Old school is the new cool
The Cool Kids are two Chicago hip-hop MCs looking back to a time of gold chains, fat laces, superfly sneakers, Run DMC and Eric B & Rakim. They may owe their success to working the music industry like it’s 2008, but they’re ready to party like it’s 1988,
THE COOL Kids are here to get all Marty McFly on your ass. They are two superfly MCs stationed in the Windy City who believe that hip-hop’s best days were in the past – and they want to go back to those halcyon days.
Back to a time of gold chains, pagers, block parties, Run DMC, fat laces, superfly sneakers, BMX bikes and Eric B & Rakim. Back to those days before gangsta rap, Kanye West and Fiddy. Back to when hiphop was much more innocent than what it has become in 2008.
Justin Timberlake may want to bring sexy back, but the Cool Kids, they want to bring 1988 back. They’re the new school of the old school.
The duo who rhyme that they are “the new black version of the Beastie Boys” are Mikey Rocks (AKA Antoine Reed) and Chuck (Evan Ingersoll). They have a simple blueprint when it comes to making people holler with excitement.
They rap over heavyweight, lowslung bass bumpers not heard since EPMD were in their prime. Hell, these beats even sound a little like EPMD, yet the Cool Kids were not even born when this style was in full flow the first time around.
Mikey says his parents are one reason why he is so in thrall to that golden era of sucker MCs. “I grew up on this stuff,” says Mikey. “As soon as I was born, I was hearing hip-hop. My parents never said ‘You can’t listen to that!’ They would put in anything when I was little. They would play tapes in the car or in the house, and I heard it and I liked it. Luckily, they had good taste in music so I grew up listening to the good stuff.”
It made sense that Mikey would eventually want to make his own tunes. He started rapping when he was eight years of age, before trying his hand at producing beats. “About two or three years ago, when I was 16 or so, I started messing around at home with beats and got hooked right away. I had been writing rhymes for a while, but I just wasn’t feeling rap music at the time, so I put that on the shelf and just got crazy into making beats.”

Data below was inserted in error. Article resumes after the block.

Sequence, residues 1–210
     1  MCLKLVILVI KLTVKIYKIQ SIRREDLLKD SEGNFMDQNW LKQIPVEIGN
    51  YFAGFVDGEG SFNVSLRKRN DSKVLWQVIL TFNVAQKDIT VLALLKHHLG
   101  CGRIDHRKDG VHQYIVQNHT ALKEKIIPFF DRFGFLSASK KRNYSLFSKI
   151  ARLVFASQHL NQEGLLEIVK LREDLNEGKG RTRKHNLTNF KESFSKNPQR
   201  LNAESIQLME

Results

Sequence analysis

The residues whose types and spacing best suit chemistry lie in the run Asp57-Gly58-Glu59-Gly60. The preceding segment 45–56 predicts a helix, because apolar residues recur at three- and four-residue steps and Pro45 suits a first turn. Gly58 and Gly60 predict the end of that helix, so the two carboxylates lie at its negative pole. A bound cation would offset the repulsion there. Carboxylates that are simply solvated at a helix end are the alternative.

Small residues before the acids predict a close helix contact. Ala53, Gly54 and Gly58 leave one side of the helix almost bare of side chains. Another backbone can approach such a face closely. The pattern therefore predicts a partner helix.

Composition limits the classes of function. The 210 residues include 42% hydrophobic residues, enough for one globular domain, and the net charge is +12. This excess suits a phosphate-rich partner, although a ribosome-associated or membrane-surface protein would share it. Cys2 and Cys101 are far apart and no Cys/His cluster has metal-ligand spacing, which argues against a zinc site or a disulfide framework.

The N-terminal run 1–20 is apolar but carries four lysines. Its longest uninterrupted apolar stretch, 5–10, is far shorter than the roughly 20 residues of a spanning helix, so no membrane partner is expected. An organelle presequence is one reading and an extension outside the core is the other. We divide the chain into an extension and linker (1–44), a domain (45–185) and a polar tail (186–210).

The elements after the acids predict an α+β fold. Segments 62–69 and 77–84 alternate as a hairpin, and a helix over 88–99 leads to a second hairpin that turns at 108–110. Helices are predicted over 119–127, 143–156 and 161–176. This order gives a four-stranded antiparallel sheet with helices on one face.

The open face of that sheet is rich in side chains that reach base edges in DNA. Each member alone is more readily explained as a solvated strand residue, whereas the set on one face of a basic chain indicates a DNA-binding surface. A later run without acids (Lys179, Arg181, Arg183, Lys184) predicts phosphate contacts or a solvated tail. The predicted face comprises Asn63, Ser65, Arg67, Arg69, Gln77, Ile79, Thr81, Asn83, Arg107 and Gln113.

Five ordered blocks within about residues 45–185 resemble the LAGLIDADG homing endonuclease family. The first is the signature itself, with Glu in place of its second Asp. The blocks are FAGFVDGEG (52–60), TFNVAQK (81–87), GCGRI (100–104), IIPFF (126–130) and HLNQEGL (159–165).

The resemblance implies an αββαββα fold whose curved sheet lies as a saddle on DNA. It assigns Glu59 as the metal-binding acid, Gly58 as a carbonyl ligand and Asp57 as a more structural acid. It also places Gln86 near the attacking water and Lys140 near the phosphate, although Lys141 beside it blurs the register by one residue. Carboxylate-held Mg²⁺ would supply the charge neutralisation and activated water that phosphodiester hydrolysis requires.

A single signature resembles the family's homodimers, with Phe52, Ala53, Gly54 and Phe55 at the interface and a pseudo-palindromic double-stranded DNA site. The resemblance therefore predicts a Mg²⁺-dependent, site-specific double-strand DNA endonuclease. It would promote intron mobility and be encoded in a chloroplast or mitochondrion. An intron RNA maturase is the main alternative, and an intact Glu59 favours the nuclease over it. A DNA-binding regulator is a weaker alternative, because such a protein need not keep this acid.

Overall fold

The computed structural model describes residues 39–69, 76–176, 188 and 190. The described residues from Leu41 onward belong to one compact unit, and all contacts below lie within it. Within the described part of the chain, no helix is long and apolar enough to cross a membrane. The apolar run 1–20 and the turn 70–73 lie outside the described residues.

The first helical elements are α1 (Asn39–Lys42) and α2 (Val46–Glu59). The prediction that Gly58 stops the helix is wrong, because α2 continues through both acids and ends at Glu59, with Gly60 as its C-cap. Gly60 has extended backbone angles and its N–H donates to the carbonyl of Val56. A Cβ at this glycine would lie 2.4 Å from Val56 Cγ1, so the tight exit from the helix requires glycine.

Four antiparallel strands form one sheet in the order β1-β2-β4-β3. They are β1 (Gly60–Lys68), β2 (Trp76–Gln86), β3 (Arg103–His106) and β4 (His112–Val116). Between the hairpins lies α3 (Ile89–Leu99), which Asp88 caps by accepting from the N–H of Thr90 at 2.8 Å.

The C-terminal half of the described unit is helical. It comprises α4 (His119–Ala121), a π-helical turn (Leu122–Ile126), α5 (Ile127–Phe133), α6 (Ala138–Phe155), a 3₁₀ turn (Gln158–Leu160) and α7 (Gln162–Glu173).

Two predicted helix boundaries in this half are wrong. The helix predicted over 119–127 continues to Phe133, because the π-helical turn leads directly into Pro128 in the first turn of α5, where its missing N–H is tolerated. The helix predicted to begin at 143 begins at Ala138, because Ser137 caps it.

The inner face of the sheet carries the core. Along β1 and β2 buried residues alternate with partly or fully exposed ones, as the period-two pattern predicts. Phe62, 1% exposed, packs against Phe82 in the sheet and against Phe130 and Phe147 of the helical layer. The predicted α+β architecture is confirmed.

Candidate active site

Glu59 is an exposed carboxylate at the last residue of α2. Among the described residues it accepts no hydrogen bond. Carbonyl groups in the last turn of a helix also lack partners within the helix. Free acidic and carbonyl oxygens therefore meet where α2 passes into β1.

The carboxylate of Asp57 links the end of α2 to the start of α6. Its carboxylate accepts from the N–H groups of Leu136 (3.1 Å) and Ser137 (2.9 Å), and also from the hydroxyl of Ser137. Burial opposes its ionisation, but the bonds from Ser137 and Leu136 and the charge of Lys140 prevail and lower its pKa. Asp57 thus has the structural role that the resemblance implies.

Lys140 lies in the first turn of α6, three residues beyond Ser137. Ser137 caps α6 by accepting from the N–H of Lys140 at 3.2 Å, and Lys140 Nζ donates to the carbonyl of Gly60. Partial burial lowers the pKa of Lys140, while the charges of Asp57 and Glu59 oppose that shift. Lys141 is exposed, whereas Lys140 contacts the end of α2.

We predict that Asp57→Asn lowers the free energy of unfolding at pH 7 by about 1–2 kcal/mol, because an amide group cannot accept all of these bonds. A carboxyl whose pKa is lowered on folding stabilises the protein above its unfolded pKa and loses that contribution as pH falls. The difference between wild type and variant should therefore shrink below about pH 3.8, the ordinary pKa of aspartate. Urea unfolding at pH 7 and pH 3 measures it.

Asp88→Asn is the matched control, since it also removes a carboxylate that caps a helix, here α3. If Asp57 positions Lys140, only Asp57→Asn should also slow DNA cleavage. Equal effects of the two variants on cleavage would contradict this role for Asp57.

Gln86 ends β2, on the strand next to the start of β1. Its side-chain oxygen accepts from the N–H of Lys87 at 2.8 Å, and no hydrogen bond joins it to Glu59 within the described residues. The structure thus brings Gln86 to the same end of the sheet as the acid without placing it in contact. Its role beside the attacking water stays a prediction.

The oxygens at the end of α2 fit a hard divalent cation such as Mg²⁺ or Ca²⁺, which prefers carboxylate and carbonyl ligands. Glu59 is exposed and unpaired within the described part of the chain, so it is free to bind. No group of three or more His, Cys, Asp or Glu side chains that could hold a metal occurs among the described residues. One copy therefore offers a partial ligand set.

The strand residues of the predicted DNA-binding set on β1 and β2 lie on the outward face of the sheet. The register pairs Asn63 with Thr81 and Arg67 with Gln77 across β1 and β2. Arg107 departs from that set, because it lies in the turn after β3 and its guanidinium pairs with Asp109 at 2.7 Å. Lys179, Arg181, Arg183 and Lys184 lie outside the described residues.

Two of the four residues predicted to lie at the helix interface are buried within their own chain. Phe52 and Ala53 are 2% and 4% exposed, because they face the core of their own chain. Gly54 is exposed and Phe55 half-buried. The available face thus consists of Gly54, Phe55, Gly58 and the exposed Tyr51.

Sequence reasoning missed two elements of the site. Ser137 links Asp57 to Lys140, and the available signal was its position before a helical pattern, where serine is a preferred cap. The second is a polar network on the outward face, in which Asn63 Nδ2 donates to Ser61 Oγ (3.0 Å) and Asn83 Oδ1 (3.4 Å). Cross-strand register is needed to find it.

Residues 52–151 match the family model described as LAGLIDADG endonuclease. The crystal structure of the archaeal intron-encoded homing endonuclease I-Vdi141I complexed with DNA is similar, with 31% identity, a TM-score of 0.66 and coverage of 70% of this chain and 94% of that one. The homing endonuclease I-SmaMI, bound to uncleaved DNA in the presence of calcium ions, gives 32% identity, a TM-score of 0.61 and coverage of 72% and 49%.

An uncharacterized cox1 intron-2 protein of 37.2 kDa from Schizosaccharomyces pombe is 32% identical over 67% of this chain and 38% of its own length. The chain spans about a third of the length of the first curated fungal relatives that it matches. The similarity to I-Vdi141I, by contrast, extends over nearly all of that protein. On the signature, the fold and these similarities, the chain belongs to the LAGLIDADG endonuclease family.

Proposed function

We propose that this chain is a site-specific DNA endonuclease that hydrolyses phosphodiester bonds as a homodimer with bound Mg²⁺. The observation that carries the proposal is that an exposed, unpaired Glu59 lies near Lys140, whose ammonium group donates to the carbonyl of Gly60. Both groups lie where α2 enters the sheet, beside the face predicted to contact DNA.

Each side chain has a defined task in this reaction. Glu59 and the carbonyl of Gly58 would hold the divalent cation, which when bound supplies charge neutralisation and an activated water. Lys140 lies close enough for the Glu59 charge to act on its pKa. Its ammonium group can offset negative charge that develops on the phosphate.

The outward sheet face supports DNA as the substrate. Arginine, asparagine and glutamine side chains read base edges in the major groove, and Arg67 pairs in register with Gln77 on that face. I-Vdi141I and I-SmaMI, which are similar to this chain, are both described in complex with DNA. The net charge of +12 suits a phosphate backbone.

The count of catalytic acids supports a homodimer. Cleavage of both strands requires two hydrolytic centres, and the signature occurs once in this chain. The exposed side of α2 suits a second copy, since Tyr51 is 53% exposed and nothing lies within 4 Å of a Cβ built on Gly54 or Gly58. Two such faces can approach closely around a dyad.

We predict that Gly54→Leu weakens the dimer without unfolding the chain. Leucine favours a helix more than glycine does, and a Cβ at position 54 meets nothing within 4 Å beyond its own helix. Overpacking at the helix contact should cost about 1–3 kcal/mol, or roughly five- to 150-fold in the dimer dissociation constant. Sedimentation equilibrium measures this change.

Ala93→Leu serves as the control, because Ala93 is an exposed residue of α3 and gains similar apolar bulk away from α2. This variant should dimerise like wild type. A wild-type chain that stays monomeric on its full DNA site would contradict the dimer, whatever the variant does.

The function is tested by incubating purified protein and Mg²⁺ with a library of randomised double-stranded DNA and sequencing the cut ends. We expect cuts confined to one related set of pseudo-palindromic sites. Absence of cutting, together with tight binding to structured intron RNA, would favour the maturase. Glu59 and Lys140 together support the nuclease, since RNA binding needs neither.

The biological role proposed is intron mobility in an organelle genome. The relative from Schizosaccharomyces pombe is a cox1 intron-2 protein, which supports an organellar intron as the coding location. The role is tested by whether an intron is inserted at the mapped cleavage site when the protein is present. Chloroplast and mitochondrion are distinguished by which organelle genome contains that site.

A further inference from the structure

This led him to Chuck, who had a beat on his MySpace page which Mikey was interested in using. The pair met up, found that they had a lot in common and decided to work together.
It has turned out to be a strong partnership. “There’s two different perspectives with us,” explains Mikey. “We don’t rap the same way or think the same way or even look at things the same way. But it’s the differences which make it all work. We’re both doing exactly what we need to do. We have respect for
each other but what we do has to work for The Cool Kids too.”
When it came to cutting tracks, Mikey and Chuck didn’t have far to look for inspiration. “Of course, I can’t deny it, we definitely take some of the elements of old school hip-hop where people used to have fun and party,” says Mikey. “But we also take elements from other types of music as well.
“I’m not a big fan of redoing something that’s already been done just because it was successful back then.”
Since their first tracks began to appear online, the response has been overwhelmingly positive. The hip-hop, indie and pop communities have all found something about the duo to champion, and word about them has quickly spread.
The pair have conducted a bit of a masterclass in how to harness MySpace, blogs and online tools to get your tracks and name out there.
“The internet is so powerful that you can pretty much run a whole campaign for a band with it,” says Mikey. “There was also a lot of word of mouth about us, but the accessibility of the internet which allows people to discover new music was our biggest ally. We don’t need radio to break our records –MySpace has become that radio show. We don’t need labels either to get off the ground because the internet has eliminated the need for that middleman.”
Yet the duo also realise that you sometimes need help to keep the show on the road. They have signed a deal with XL to release the new The Bake Sale EP, and they’ll probably do something similar for the album When Fish Ride Bicycles, due to drop later in the year.
Mikey is fully aware that they could easily have become just another online here-today-gone-tomor- row phenomenon. “It could have happened, for sure,” he says. “We could have been seen as a gimmick, or we could have taken advantage of some of the offers to do really wack corporate stuff which came our way.
“But if we did that, our audience would have gone away from us and dissed us for giving up our integrity like that.
“To be honest, though, we’re past the stage where we’re just some fad. I think that if we were a gimmick, we would have been found out. I think a gimmick has a couple months before people work it out. We’ve paid our dues, we’re sticking around.”
Back to the future: Mikey Rocks and Chuck of Cool Kids